The Fraudulent War Rages On

Eric Mischel, Senior Director of Product Management

Eric Mischel, Senior Director of Product Management

Fraud continues to be one of the greatest concerns in the digital advertising space. Despite the progress that has been made, our industry evolves at a rapid pace, which led to the emergence of new deceptive practices. As a result, buyers still have quality concerns around due to the presence of botnets, pixel stuffing, domain spoofing, and ad stacking – let alone the complex issues of spurious content.

Over the past year, buyers, DSPs, and some exchange platforms called for the industry to start policing itself. In fact, as recently as December of 2015 a study from the Interactive Advertising Bureau (IAB) found that advertising fraud cost advertisers $8.2 billion per year—with $4.2 billion lost to “nonhuman traffic,” $1.1 billion lost to “malvertising-related activities” and the remaining $2.4 billion lost due to “infringed content.”[1] It’s no surprise then that the buy-side of the industry was up at arms over these issues.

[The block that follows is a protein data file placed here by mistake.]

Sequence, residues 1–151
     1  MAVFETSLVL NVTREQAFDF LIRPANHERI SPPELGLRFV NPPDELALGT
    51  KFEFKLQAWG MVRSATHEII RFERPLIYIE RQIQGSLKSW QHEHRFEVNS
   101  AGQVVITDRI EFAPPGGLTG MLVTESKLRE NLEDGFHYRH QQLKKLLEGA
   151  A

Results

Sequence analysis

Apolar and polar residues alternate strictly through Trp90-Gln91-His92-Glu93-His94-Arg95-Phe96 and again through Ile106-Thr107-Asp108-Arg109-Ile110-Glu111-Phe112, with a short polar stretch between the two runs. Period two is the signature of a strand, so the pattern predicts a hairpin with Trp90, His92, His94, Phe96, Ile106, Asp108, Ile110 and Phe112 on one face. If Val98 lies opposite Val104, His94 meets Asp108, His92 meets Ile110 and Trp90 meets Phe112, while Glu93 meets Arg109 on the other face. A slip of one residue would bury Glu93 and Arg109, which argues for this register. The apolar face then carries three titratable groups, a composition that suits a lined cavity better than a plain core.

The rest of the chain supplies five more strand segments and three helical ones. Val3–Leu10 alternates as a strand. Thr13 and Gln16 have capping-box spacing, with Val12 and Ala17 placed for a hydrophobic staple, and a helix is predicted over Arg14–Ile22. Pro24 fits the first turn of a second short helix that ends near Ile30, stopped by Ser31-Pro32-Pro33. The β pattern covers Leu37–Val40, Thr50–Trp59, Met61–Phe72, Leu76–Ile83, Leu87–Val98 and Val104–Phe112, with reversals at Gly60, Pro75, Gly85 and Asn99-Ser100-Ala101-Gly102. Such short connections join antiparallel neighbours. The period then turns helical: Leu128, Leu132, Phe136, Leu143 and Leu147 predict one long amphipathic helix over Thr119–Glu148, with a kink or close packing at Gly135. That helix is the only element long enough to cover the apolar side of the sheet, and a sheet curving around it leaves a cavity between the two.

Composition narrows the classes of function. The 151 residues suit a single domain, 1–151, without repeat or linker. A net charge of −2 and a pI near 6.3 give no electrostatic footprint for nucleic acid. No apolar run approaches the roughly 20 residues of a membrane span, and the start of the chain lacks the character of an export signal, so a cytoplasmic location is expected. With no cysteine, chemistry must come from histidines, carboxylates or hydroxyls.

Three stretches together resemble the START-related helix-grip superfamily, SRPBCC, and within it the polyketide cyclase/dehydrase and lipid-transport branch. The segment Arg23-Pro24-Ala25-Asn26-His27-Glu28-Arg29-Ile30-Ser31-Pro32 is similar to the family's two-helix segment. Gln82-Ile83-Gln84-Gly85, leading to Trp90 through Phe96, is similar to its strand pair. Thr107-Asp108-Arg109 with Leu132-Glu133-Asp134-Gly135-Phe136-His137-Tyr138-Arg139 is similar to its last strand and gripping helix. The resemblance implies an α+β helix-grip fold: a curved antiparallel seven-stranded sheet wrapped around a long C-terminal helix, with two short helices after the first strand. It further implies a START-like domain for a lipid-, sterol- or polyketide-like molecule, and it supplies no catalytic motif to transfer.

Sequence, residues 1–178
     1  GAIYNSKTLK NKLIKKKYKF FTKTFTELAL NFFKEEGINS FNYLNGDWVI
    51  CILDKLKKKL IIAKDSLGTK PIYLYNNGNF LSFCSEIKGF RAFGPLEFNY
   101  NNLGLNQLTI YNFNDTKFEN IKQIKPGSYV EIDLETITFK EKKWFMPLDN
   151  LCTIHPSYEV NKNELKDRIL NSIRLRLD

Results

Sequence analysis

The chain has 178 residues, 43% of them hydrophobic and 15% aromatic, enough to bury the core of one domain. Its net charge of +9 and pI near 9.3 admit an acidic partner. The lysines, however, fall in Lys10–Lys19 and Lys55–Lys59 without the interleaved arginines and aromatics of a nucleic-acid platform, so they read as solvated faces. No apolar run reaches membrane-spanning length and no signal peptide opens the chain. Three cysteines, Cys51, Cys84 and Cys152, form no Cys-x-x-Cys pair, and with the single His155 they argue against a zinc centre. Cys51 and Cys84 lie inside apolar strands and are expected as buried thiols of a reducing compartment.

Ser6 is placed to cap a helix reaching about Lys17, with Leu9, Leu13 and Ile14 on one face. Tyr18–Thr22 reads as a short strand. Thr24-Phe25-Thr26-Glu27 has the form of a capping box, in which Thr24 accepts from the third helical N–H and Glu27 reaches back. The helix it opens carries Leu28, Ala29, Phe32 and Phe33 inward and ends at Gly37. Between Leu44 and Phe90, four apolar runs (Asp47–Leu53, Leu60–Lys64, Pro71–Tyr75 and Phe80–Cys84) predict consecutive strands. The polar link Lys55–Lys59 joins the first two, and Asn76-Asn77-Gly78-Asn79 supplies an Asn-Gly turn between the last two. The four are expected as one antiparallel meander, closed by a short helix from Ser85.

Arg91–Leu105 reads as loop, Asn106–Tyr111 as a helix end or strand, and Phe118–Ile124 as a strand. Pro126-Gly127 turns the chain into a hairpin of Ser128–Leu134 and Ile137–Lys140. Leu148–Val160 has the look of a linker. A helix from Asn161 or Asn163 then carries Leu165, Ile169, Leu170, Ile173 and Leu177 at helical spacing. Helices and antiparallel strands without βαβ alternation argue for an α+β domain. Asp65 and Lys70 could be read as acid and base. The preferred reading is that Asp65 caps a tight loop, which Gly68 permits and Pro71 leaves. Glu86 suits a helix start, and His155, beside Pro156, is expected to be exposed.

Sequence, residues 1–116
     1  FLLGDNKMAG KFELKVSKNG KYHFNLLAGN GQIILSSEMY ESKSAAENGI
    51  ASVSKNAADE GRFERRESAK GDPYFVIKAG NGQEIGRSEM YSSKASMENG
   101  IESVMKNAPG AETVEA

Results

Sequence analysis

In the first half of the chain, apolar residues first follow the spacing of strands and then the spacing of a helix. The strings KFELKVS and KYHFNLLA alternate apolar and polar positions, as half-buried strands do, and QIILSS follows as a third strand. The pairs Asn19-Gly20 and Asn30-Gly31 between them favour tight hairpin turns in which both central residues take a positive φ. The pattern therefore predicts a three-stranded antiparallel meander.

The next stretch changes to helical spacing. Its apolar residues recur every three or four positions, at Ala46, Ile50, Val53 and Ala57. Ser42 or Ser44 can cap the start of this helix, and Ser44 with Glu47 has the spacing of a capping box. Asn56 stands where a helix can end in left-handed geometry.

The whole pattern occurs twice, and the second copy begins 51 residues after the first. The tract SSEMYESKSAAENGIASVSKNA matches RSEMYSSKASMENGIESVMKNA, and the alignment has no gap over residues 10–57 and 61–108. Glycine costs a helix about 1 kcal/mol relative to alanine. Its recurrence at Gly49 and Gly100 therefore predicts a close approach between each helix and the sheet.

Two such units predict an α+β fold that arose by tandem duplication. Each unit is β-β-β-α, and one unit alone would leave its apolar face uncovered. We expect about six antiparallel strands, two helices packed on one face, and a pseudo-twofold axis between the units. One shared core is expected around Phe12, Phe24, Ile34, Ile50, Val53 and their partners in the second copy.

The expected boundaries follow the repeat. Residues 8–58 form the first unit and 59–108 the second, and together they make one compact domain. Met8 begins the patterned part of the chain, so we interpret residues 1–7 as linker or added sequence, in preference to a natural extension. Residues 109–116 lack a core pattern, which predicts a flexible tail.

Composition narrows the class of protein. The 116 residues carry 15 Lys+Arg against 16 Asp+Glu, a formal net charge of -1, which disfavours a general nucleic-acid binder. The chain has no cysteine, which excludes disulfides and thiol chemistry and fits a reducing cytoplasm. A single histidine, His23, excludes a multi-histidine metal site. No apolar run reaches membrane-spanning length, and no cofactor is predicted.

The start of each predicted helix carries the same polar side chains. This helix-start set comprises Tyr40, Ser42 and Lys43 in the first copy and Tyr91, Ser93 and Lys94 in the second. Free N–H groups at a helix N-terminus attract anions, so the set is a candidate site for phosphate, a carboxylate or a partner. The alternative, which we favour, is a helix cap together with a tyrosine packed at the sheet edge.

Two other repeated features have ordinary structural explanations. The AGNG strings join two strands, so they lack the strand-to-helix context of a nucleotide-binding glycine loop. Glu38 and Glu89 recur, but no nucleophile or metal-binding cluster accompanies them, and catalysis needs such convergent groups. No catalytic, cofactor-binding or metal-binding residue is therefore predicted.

As tools became available from companies like Integral Ad Science (IAS), ForensIQ, White Ops, MOAT and various others, SSPs and publishers began scanning their inventory and removing the majority of suspicious and malicious impression requests.

These efforts provided industry-wide benefits. As inventory is scanned and turns out to be quality rather than fraud, buyers’ trust in the publishers in question inevitably increases. This trust in turn results in demand partners increasing their willingness to buy a publisher’s inventory, as they can be more secure in how their campaigns are targeted and delivered.